Smith was correct in calling out Hollywood’s disinclination regarding black male leads paired with white female leads in romantic or sexual scenarios, but he also acknowledged that there is a taboo surrounding black love scenes altogether. And it stands to reason that if Hollywood is afraid of black love, it’s just as scared of black sex.
Too often, black sex is presented in mainstream films and on television in ways that involve brutality and victimization. Acclaimed films like 12 Years A Slave or Django Unchained feature agonizing rape and torture scenes. Black female bodies being broken at the hands of barbaric white aggressors is a part of the reality of slavery, but that image can become definitive when it dominates mainstream film. Halle Berry’s Oscar-winning performance in the 2001 film Monster’s Ball drew criticism for her character’s torrid affair with an outspoken racist—and at the center of the movie was an infamous sex scene involving Berry and co-star Billy Bob Thornton as the bigoted jailer who oversaw the execution of Berry’s husband on death row. The scene was just another positioning of black female sexuality as an extension of black pain, and that sexuality was reduced to a plot device that helped “cure” the racist of his hateful nature. But it’s rare to see black sexuality that isn’t presented in a harrowing fashion. Mainstream Hollywood seems to feel that sex featuring black characters isn’t supposed to be sexy.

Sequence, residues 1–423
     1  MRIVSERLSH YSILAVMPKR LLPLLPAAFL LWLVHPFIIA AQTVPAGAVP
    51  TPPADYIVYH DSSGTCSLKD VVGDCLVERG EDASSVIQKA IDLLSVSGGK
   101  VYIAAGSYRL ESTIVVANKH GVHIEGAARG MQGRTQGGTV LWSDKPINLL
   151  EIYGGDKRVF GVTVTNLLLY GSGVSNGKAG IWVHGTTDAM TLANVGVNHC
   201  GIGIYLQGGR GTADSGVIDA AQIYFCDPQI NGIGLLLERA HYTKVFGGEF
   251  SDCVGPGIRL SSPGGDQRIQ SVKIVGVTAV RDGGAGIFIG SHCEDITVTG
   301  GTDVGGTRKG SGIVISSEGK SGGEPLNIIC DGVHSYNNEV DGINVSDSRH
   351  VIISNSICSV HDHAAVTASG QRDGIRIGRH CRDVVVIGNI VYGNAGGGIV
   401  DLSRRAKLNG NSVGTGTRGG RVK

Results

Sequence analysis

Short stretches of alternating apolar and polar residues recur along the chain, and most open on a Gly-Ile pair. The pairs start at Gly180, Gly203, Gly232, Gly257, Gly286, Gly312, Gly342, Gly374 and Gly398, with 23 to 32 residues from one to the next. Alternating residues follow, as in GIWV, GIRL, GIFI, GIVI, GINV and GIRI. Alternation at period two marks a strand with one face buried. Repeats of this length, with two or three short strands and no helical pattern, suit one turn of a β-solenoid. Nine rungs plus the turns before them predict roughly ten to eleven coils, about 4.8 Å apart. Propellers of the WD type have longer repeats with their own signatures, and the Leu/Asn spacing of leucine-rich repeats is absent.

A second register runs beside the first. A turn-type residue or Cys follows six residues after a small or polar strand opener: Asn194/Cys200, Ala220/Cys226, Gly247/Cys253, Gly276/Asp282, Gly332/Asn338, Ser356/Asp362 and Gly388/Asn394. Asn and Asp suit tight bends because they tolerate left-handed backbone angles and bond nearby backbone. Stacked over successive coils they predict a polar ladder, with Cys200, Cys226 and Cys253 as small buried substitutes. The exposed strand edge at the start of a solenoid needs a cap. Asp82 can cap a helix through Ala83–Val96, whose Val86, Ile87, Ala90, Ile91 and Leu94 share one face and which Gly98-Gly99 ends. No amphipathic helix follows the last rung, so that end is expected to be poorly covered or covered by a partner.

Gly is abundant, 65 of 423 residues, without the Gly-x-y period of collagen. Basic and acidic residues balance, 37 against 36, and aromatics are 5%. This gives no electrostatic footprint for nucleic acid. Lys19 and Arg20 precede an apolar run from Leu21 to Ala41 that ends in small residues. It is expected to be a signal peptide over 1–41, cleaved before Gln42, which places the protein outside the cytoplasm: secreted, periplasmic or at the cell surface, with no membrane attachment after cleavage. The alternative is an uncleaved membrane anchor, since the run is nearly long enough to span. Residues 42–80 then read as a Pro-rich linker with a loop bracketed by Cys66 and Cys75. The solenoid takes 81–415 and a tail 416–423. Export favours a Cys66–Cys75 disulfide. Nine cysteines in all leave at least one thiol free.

With Power on premium cable, it offers TV-MA content that skews along the lines of an R-rated movie. The attractive cast is working within storylines that routinely revolve around sex and violence, so gunplay and foreplay are never too far from the show’s priorities. But black sexuality isn’t presented in a way that’s distorted or ugly—no matter how gratuitous those sex scenes on Power may be. And shows like Being Mary Jane, Survivor’s Remorse, Orange Is the New Black, House of Lies and network shows like ABC’s Scandal and FOX’s Empire have also elected to not downplay the sexuality of their characters for the sake of presenting chaste, asexual blackness to American audiences. In the current television landscape full of shows dedicated to antiheroes and tortured souls, it wouldn’t make any sense. And with more black viewers craving more black content, it’s important to present well-rounded, non-sanitized depictions of blackness. Our characters can be as complex, conflicted, messy and sexy as they need to be.
Because black and sexy is always a good thing.